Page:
Who can predict job growth by sector in the next 10 years if the BLS can’t?

Derek Thompson points out that 2002 predictions by the Bureau of Labor Statistics about job growth by sector for the next ten years turned out to be quite wrong:

What did BLS get right? At least two things: the unstoppable growth in health-care jobs (which it expects to continue) and the steady growth in leisure and hospitality.

What did it miss? Everything else, in particular (a) the boom in mining, led by the natural-gas revolution, (b) the utter collapse of the publishing industry, and (c) the Great Recession, which wiped out half-a-decade of economic growth. BLS thought we’d create 20 million non-farm jobs last decade. We created about six million. That’s a 13-million-job gap. 

Essentially, the BLS failed to anticipate the real-world surprises, which is another way of saying it is not psychic. It extrapolated the recent past (health care was expanding, housing was booming, the economy was recovering from a mild recession), baked in global and demographic trends, and voila, put out a plausible projection of the next ten years. This is a perfectly sensible way to predict the future. But then the real world intervened.

This isn’t supposed to be a post about how the BLS forecasting models are bad. It’s supposed to be a post about how predicting the future is impossible, even though predictions play a starring role in discussions about finance and government.

I think Thompson draws the right conclusions here: it isn’t necessarily about jobs but more about the difficulties governments and other organizations have in predicting even ten years into the future. The world is a complex place and this should push us to think about what we can know moving forward. This would be a great point to inject the writings of Nassim Taleb who has argued in several books that this is a huge problem: there are plenty of people, like on Wall Street or in Washington, who think the future is clear enough to risk a lot. Granted, the BLS isn’t going to lose much if their predictions are wrong but it could have a big effect on others. One example: students looking at what majors to select. In recent years, there are more and more articles that talk about the job fields expected to grow in the future. The argument is that students need to make sure they study for employable careers, particularly with rising college costs. But, they may pick a college or a major based on predictions that aren’t necessarily correct. Perhaps this lack of predictive ability is a good argument for liberal arts schools.

Knowing the difficulties of making long-term predictions, what can the average citizen do? Taleb would suggest hedging our bets, perhaps risking some when the negative effects won’t be that bad. (Taleb lays out this investing strategy in Antifragile: put a good amount of money in safe investments and then risk some in places where the payoff could be huge but you aren’t going to lose much if it doesn’t pan out.)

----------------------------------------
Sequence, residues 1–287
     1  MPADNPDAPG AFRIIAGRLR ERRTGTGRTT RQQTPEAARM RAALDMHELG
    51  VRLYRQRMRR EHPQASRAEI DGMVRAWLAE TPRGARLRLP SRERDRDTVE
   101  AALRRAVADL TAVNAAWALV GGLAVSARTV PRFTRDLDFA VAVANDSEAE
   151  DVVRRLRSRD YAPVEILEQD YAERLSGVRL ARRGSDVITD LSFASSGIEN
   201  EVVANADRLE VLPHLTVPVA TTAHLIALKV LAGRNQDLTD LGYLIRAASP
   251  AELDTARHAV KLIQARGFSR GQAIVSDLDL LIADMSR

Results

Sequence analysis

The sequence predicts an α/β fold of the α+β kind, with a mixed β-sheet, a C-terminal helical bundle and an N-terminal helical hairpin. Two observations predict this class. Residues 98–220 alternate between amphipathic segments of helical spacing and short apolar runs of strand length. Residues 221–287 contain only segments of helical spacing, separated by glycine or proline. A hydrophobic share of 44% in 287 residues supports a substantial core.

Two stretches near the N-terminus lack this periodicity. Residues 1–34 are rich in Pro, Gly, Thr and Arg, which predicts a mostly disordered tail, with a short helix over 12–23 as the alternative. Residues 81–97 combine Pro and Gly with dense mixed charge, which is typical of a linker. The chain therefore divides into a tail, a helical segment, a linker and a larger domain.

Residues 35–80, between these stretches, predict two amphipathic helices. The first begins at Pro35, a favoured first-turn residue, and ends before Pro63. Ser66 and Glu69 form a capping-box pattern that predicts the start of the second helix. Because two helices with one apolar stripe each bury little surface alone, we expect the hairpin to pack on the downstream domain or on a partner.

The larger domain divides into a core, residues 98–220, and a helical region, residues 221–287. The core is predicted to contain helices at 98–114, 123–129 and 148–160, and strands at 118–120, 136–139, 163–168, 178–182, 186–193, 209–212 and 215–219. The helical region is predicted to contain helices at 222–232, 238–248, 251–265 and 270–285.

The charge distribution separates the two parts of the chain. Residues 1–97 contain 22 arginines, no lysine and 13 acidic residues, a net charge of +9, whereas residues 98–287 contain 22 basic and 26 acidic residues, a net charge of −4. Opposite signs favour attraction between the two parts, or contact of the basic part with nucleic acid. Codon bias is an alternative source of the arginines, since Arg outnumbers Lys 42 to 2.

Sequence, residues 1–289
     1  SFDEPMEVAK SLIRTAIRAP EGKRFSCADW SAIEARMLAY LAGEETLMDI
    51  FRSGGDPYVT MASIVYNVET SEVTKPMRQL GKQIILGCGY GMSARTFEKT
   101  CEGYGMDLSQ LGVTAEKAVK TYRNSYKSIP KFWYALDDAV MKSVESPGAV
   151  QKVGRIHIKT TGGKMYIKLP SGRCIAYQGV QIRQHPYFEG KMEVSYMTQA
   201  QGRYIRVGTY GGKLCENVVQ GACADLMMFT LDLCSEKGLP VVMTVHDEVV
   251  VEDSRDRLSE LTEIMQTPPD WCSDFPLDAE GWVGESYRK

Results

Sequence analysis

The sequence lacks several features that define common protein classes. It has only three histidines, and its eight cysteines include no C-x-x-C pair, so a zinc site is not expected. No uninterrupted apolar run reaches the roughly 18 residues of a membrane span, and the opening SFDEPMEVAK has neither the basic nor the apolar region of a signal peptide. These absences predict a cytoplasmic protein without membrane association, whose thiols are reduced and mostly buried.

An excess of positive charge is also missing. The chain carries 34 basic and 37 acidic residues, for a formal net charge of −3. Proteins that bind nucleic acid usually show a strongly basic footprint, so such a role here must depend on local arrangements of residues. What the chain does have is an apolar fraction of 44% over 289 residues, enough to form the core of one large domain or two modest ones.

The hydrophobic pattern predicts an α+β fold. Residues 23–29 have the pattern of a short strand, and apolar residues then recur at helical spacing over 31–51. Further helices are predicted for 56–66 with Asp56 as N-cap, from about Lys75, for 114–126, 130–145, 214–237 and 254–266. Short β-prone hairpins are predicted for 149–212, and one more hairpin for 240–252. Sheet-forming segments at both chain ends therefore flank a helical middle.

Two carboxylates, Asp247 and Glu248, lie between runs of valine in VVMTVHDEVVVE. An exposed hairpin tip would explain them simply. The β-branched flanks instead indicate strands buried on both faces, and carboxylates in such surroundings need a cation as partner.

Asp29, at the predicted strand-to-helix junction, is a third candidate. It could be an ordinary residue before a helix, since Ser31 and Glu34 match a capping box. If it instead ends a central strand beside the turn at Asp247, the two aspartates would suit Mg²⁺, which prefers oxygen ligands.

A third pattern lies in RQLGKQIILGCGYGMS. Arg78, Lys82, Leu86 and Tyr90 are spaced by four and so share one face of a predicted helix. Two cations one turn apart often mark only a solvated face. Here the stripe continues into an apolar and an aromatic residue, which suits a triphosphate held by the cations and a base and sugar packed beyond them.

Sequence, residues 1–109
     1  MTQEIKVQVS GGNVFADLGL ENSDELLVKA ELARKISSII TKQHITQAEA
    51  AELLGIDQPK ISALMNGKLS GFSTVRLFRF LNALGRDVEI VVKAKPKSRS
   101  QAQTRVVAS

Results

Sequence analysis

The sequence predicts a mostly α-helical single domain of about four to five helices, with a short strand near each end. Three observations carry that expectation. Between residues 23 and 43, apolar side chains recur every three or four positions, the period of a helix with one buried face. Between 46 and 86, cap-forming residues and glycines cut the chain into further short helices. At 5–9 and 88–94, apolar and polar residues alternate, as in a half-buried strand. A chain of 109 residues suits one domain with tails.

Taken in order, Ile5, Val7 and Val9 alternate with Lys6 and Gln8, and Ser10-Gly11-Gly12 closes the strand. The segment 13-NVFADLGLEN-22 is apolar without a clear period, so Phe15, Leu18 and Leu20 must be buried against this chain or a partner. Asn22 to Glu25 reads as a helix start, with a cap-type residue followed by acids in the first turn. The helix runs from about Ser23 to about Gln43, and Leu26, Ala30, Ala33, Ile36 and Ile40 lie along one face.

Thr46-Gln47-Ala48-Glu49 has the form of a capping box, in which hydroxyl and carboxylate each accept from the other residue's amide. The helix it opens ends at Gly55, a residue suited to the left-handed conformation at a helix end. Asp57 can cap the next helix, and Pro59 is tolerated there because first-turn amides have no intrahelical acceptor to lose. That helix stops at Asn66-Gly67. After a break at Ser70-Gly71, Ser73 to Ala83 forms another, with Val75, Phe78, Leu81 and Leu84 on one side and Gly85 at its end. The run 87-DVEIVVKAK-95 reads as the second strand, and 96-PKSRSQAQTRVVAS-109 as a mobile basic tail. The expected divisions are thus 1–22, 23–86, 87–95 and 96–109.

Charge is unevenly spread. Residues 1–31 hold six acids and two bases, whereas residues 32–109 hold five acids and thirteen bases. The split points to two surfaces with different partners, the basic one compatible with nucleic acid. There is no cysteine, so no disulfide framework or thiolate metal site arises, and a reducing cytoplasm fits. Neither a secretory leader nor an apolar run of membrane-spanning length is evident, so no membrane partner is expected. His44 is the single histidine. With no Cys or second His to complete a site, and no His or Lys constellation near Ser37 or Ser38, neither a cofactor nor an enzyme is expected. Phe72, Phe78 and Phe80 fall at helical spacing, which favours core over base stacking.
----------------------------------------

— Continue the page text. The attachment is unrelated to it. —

More appealing measurements of the American economy

The Economist looks at several ways in which the US federal government calculates certain economic statistics that might make our economic situation look most appealing. Here is their conclusion:

Conspiracy theorists might conclude that the American government is trying to nip and tuck its way to attractiveness. The persistent downward revisions to GDP growth do look suspicious. But in other areas American number-crunchers seem to believe that their measures are better; indeed, history shows that European statistical agencies have often later adopted their methods. The world’s biggest economy is also much less bothered about the international comparability of its numbers than smaller European countries. True, when the statisticians at the IMF or the OECD produce comparative data, they do so on the basis of standardised definitions. The snag comes if investors fail to grasp that official national figures can show the American economy in an overly flattering light.

Complex numbers, such as these, can be difficult to operationalize or calculate but they also need to be interpreted. Economic experts may know about these methodological differences and can account for these but I’m guessing that the average citizen of the US or European countries has less of an idea about what is going on.

Another US figure that has recently attracted methodological attention is unemployment. While the US unemployment rate has undoubtedly risen in the economic crisis of recent years, it has its own quirks. One part that has been discussed in that people have to be actively looking for work in the last 4 weeks and once people move beyond that cut-off point, they are no longer counted as being unemployed. Another area involves those who work less than full-time but want full-time work and could be classified as “underemployed.” (You can see how the Bureau of Labor Statistics calculates unemployment here.)

(It is also interesting in this story that they compare the calculation of these statistics to cosmetic surgery, apparently an important marker of American culture.)

Sociologists less susceptible to offshoring

According to ResumeBear, the Bureau of Labor Statistics has compiled a list of the occupations that are likely to be sent offshore. Sociologists are not very likely to be offshored, with a score of 7 on a susceptibility score (which ranges from 16 on the high end to 4 on the low end).